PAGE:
Always one to indulge himself and those around him in sartorial time travel, it seems Nicolas Ghesquière is up to his old tricks ... in a new way. Yes, Louis Vuitton’s always-curious creative director took his exploration to the next level with a Fall/Winter 2022 collection that was a vibrant and print-filled melding of ‘70s, ‘80s, and even early 2000s metropolitan style. (Somewhere in the world, Diane Keaton is rejoicing.) And, for those who looked closely, it was also a practical lesson in the fine art of fall layering.
On an overcast Paris afternoon, the iconic Musée d’Orsay’s impressive Impressionist art collection took a backseat to Ghesquière labyrinth, with attendees, spread throughout in a maze-like grid for models (including SAG Award winner HoYeon Jung) to navigate. As the music cued the first looks, an Annie Hall-inspired procession gave way. Roomy, high-waisted trousers in pinstriped and neutral colorways were paired with crisp white button-downs, oversized outerwear, and floral-printed ties. The jacket’s rich leather and wool textured paneling made the otherwise classic look feel fresh and maximalist-appropriate. Structure for the billowy silhouettes came in the form of cinched, pleated waists that hugged the body just so.
The latest installment was rooted in, “reconnecting with an instinct for clothing devoid of convention,” read the show notes. “A special moment that belongs to the formative years, the ones that forge character.”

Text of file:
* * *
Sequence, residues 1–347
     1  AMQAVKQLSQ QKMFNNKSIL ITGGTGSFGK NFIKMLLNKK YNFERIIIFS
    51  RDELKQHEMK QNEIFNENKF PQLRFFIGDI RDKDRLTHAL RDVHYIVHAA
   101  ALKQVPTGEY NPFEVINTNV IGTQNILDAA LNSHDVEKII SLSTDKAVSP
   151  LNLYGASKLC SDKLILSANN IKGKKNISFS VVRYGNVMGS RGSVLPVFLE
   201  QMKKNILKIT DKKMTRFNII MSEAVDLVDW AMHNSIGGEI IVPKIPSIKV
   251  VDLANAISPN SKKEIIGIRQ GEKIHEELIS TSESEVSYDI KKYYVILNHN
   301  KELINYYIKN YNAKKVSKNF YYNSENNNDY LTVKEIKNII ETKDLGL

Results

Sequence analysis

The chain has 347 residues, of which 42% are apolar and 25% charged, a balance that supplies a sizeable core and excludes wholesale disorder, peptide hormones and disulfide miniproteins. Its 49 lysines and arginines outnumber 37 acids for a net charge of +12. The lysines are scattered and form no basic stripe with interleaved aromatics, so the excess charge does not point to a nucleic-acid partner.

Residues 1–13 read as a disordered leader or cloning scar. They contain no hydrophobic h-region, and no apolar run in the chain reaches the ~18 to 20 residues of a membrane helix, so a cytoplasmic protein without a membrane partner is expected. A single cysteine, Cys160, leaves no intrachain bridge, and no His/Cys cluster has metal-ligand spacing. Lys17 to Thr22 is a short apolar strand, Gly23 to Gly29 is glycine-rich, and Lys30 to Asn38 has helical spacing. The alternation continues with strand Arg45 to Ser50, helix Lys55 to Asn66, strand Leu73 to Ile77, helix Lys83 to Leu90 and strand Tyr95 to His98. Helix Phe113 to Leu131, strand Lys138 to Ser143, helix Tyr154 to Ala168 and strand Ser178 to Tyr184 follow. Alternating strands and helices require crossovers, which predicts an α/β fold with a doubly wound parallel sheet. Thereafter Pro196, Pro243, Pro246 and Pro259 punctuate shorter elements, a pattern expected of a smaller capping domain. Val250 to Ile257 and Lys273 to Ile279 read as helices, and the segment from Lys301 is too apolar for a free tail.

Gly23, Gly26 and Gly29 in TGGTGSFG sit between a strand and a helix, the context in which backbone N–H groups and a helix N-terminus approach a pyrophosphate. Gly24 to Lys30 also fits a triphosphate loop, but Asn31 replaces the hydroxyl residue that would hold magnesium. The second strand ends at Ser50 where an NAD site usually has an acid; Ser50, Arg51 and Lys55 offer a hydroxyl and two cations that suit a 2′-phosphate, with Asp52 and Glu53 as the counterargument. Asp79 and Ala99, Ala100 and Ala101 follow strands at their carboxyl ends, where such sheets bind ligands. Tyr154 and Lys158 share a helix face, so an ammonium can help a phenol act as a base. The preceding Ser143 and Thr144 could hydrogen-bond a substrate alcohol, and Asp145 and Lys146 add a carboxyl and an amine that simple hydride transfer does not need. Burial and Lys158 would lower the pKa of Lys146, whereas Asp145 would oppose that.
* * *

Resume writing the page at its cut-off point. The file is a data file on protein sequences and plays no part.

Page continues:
The shape-shifting play continued as Ghesquière reimagined classic fall staples, and gave a worthy lesson in the art of layering. Wool, peplum vests featured fur-lined trains (a dominate trend seen throughout fashion month) that fell nicely over floral trousers. Power suits were seen in more shape-less cuts and in shades of coral and baby blue and worn under more neutral boxy blazers and pea coats. Fluttery, flowing maxi dresses peeked from under shapeless rugby tops,k with patterned sweatshirts tied haphazardly at the waist. And cozy, roomy sweaters were worn under equally spacious printed pinafore dresses.
Even playful separates like sweatshirts, polo shirts, and the aforementioned rugby tops got a fresh take. Graphic prints, neon geometric shapes, checkerboard effects, and candy-colored stripes were seen in abundance, catering to the viral Y2K trend that shows no sign of slowing down. As it happens, the “impermanence and beautiful volatility of adolescence” served as yet another inspiration for Ghesquière for the fall season.
“Testing. Trying. Playing. Knowing. Yearning. Desiring... Wanting it all. Without restrictions,” explained the show notes. “Having the world at your feet. Embracing everything and approaching taste as a personal construct — because character is what guides destiny. Freedom is all, without directive or impediment.”
Indeed, the carefree spirit of the collection was a walking, moving dedication to the next generation of creatives. “This collection is dedicated to youth, in hopes that it can keep the unresolved poetry of adolescence like a flawless garment — in all its vivid romanticism, inspiring idealism, hope for the future, for a better world, and its dreams of perfection.”
See the colorful collection for yourself below.